One note is that you should use your info from running pacmd list-sinks and then follow steps 2-3 in the mint guide.
default-fragments = 1 (4 is default) default-fragment-size-msec = 1 (25 is default)
6.1) IF YOU WANT TO TWEAK THE PRIORITY TO INCREASE QUALITY
Find “nice-level” and change it from the default -11 to a high negative (remember -20 is max and not recommended). Remember as usual to remove the ; before “nice-level”.
nice-level = -15 #this setting increases the frequency/share of CPU time that Pulseaudio has access to
SIDE NOTE: Not confirmed by anyone else yet but it seems changing the priority has a negative effect on KDE’s system sounds so they’ll cause a second or two of glitching/blocky/ugly sound if something else is using audio. No idea why but the priority change might negatively effect sounds from DEs such as Gnome, KDE. Doesn’t seem to cause problems with other applications using sound though. UPDATE: Skype is another thing that doesn’t like the nice level or latency changes. If you make changes similar to this then make sure not have anything trying to use the sound server at the same time as Skype as it’s again one program that just doesn’t play nice with others. It works perfectly fine if nothing else tries to use the sound card so don’t worry there.
IF YOU WISH TO AVOID PULSEAUDIO AND INSTEAD USE ALSA ALONE Warning: Spoiler! (Click to show)
Make the fragment section of the config look like this:
default-fragments = 0 default-fragment-size-msec = 0
It should be noted that this will negate any of the changes made prior to this point as this is a lazy way of getting rid of pulseaudio without having to actually uninstall pulse audio. It works by simply causing pulse not to load as this is an incorrect setting. Thus, pulse should no longer show up in your process list or return a follow from running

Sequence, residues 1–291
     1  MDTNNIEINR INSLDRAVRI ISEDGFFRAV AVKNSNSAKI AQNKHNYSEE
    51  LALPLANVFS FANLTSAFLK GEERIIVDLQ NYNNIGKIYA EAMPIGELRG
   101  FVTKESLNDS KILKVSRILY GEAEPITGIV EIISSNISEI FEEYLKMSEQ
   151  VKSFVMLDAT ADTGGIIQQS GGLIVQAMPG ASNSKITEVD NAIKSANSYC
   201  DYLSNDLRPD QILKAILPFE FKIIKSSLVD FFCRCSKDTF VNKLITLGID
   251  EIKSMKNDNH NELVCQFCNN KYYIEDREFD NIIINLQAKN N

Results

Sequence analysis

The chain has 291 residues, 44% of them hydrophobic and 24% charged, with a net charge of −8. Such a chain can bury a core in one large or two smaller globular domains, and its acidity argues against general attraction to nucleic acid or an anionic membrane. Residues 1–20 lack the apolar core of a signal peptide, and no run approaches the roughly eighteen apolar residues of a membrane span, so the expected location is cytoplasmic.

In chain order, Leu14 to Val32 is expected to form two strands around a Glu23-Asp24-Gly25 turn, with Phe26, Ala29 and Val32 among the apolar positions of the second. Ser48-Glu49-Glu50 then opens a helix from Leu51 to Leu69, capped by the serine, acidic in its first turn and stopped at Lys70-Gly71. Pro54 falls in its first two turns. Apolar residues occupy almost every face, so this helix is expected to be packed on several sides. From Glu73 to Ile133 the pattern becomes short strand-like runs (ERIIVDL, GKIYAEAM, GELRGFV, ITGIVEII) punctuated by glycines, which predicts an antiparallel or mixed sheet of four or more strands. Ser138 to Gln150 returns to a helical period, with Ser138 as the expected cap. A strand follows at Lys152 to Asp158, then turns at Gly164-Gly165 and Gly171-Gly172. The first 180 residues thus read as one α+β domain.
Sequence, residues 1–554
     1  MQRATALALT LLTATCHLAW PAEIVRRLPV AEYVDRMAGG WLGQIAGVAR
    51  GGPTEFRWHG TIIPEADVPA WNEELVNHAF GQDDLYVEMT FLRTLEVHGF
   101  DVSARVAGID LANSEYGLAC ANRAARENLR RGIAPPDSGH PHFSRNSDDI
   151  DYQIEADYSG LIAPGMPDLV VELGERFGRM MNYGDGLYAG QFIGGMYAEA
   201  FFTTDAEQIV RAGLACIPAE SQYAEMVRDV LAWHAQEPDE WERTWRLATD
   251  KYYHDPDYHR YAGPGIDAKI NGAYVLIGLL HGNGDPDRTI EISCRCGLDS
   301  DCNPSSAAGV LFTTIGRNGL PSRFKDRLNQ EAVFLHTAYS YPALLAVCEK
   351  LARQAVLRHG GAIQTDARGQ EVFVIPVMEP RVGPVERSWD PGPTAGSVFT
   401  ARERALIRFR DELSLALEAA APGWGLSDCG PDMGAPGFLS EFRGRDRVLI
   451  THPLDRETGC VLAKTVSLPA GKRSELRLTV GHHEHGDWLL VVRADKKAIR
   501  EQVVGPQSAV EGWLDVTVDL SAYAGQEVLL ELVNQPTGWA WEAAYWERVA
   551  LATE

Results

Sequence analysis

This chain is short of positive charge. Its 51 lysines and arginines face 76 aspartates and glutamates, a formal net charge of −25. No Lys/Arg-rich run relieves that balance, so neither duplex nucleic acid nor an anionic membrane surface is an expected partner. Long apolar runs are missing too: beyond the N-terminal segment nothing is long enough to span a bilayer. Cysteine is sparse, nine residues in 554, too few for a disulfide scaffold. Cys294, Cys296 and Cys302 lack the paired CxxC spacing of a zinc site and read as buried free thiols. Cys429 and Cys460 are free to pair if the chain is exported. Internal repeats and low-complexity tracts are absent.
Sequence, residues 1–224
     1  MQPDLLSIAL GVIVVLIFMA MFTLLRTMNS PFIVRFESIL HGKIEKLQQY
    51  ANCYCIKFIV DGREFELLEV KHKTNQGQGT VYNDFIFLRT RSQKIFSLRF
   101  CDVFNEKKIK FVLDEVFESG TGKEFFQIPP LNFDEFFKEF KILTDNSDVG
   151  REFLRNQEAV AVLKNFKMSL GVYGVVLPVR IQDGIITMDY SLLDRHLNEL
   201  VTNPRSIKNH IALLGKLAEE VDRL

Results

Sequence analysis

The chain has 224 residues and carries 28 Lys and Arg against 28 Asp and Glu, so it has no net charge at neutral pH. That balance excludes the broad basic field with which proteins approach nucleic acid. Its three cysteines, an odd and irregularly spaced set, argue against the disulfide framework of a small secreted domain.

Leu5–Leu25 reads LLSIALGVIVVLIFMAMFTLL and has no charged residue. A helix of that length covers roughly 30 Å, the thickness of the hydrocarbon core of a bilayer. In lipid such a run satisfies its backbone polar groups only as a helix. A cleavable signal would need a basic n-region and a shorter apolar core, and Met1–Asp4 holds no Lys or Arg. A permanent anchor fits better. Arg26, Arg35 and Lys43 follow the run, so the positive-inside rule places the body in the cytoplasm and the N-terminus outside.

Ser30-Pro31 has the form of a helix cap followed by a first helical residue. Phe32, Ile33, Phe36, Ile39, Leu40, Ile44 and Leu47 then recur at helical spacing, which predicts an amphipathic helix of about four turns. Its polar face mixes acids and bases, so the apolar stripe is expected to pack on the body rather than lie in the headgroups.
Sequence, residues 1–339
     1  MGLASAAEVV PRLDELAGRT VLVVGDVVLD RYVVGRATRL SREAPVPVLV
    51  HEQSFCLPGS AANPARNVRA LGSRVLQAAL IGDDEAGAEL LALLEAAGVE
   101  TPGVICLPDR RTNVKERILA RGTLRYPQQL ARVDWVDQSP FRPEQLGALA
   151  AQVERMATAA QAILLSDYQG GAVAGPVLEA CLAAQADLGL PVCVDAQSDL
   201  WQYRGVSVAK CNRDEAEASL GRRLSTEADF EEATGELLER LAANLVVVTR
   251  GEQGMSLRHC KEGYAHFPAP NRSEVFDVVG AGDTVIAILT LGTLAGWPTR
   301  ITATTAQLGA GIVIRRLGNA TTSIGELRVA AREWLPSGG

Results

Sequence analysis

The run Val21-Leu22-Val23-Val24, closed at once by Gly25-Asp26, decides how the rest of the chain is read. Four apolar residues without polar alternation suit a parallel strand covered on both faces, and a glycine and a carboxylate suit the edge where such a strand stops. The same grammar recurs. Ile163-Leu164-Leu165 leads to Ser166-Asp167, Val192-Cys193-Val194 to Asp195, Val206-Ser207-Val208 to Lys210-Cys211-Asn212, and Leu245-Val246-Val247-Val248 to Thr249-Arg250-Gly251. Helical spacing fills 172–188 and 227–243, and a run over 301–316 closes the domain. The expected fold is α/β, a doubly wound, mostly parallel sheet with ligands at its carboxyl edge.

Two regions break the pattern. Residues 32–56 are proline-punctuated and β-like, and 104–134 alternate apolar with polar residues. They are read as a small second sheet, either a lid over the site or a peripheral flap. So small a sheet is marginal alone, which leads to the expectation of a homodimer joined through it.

ps -A | grep "pulse"
. This means that ALSA will be in charge of everything and configuring it is a whole separate topic. However, it seems most people believe that one does not have to configure ALSA at all as it should “just work” by default so you shouldn’t need to do any config work with it.
An alternative and likely better way to disable Pulseaudio is to change the following in the /etc/pulse/client.conf file:
; autospawn = yes
autospawn = no
7) exit and save changes
8) Next you need to kill pulse so the old config settings are no longer in effect
9) Then you should check that your config is valid
10) If it returns nothing then your config is fine and you can restart pulse with your changes implemented
NOTE: These changes may increase CPU load and the sample format may not be supported by the audio hardware on your mobo or card. Lower the number from 32 to 24 to 16 until it works. Otherwise use the original default setting. It should be noted that using a float setting will always result in lower CPU load and better sound quality.